• Discuss with the team what they want the process to do. If they don't see any point to it (as may happen at the beginning) use the production issues and necessary refixes as evidence of its benefit

  • Use automated code-checking software like Sonarqube so that code-reviews can focus on issues like incomprehensible-code, logic errors, lack of documentation, etc that can't be spotted automatically.

2

You could document what the team wants in code reviews that you've discussed and agreed with developers. Some things you could consider as part of code reviews are:

  • Check that the code does what it's supposed to do i.e. it meets the requirements

  • Code style to ensure that developers are coding to a consistent style

  • Optimisation e.g. number of function calls

  • Architecture and reusability

  • Exception handling and logging

  • Technical debt: is the code in a better state than when the developer started working on it

  • Check out and build the code (I find this useful but other devs in my team prefer to leave this to testers)

  • Using an automated tool (I've used SonarQube). I find it useful to integrate this into your build process to enforce improvements to the code e.g. increasing the test coverage

Some of the steps above can be covered by an automated tool but while you're trying to improve the way code reviews or done it's probably worth using both the tool and eyeball review. However, the most important steps for preventing technical debt (architecture and reusability) cannot be wholly automated.

If your team is inconsistent in applying this you could try only allowing the developers who are carrying out code reviews properly to have merge rights. For example, you might just want to start with the lead dev on the team. The trade-off with this approach is that those developers could become a bottleneck in the development process, so you and the team need to decide if you want this. Personally I would accept this trade-off and through the code reviews increase the discipline across the rest of the team and then when ready you can increase the number of developers with merge rights.

Finally, it's worth reviewing the reviews. So once a week get together with the developers and constructively discuss the reviews and ways of improving them.

  • is this an advert for SonarQube? I tried it - I wouldn't recommend it, far too painful to get going and whilst "open source" costs for all the useful bits. – gbjbaanb Mar 10 '15 at 14:37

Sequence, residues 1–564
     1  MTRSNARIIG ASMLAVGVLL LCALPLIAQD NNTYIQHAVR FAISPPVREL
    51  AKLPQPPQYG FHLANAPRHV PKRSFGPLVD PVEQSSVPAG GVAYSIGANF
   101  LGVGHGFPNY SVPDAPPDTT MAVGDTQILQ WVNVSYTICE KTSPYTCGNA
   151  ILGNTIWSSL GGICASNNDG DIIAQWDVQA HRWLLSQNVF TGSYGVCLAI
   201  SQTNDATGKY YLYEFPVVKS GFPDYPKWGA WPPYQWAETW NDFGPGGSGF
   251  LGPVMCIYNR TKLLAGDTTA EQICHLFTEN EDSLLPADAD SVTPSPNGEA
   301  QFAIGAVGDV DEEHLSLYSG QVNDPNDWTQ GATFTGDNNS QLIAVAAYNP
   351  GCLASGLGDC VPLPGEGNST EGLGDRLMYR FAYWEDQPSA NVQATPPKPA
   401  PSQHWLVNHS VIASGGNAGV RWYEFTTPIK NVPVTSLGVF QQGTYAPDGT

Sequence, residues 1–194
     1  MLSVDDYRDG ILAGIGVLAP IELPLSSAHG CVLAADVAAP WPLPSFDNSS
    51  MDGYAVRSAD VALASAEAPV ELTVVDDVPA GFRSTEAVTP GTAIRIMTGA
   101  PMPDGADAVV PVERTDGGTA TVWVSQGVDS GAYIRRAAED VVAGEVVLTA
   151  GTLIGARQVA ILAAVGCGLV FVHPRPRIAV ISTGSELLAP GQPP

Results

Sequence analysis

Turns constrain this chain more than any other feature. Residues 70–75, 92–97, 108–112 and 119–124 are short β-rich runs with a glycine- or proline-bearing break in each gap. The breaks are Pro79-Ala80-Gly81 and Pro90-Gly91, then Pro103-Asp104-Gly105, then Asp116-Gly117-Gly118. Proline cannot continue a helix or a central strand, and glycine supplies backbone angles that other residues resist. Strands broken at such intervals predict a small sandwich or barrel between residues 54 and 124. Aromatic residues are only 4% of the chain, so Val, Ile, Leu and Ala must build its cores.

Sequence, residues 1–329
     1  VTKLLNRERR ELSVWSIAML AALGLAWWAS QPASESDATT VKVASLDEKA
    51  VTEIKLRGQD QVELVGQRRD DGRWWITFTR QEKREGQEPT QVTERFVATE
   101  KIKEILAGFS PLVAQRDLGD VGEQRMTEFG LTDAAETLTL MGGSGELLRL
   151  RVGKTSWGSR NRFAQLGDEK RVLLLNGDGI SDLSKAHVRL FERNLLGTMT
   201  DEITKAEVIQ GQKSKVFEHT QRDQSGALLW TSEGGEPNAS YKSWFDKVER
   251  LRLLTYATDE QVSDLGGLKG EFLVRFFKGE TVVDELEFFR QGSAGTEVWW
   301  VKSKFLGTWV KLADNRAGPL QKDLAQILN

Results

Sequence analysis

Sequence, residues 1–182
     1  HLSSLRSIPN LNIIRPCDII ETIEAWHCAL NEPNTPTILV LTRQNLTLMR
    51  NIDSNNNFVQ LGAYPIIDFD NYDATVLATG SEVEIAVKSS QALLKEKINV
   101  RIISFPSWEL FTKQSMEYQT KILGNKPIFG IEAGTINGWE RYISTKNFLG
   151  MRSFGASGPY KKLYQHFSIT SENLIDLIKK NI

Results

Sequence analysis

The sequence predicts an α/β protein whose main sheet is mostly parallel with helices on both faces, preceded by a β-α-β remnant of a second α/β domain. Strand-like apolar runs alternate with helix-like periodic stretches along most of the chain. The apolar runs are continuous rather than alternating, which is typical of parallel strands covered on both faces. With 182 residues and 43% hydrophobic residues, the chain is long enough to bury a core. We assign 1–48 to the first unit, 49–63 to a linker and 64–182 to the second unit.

• It's running fine in my current team and wasn't too difficult to setup and it's helping - it's not an advert but it's the only tool of this kind i've got experience of. Would you say the same for Redmine codereview and ReviewBoard? – br3w5 Mar 10 '15 at 14:44
  • We're using SonarQube in our teams, serving around 70+ projects, ranging from 10k to 3M LOC. Although some teams just ignore its reports, most use it to direct refactoring processes. It works nice, although personally I prefer simple, non-integrated tools, such as Findbugs. – Dibbeke Mar 10 '15 at 21:03
  • And here was me thinking that code review involved checking if the code matched the design document :-/ – Mawg Mar 11 '15 at 7:58
  • 1
    Thanks, this is what I am doing at the meantime. I will update within a couple of weeks how it affected. – guy mograbi Mar 13 '15 at 21:44
0

I'll tell you how my team quickly integrated code review into its workflow.

First, let me ask you a question. Are you using a version control system (e.g. Mercurial, Git)?

If your answer is yes, then proceed.

  1. prohibit everybody from pushing anything (even small fixes) directly to the master branch (trunk)*
  2. develop new features (or fixes) in separate branches
  3. when developers believe the branch is ready to be integrated in master, they will create a "pull request"
  4. prohibit everybody from merging their own pull request*
  5. have another developer evaluate the pull request and review new code
  6. if the code passes the review, good, the pull request can be merged, otherwise fixes can be applied
  7. repeat step 6 until code matures enough (can be done without starting over)**
  8. done, all your new code gets reviewed (at least summarily), by someone with a name

Now you have a precise point in your workflow where code review gets done.

Act there.

* can be enforced automatically, with server-side hooks

** this procedure is fully supported by GitHub (among others), and is fairly easy to use, check it out

  • 2
    Even with such a process (which I supposed actually happens from the description in the question), you sometimes have developers thinking "ah, I trust my colleague enough and have too much to do myself, so I'll just merge it without actually reading the details, or even commenting on it". (We have a similar process in our team, with two approvals needed (from people other than the PR author), before it can be merged. Still sometimes changes go through without a thorough review.) – Paŭlo Ebermann Mar 10 '15 at 20:57
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    @PaŭloEbermann I see. I'm afraid that's an inevitable outcome of circumstances, if you don't have enough time to do everything you need to, quality will suffer, one way or another. Sill, if it does not work "sometimes", that means it works "most of the time", no? – Agostino Mar 11 '15 at 0:07
  • 1
    Yes, it helped a bit by allowing the merge only for a limited set of people, who had the task to check if the actual review was done right. – Paŭlo Ebermann Mar 11 '15 at 8:31
  • I had a similar prohibit, and needless to say: the development almost stopped. That rule lasted whole 2 weeks, after which the managers had to adjust their plans. – BЈовић Mar 11 '15 at 10:50
  • @BЈовић was your team doing code reviews on a regular basis before? This technique is used by many, especially in the Open Source ecosystem. The fact it didn't work for your team does not mean if can't work for others. – Agostino Mar 11 '15 at 14:54
-2

I think you should create a template and ask your team members to update it every time they do a code review. But even then, you should participate in the review process initially.

protected by gnat Mar 11 '15 at 10:26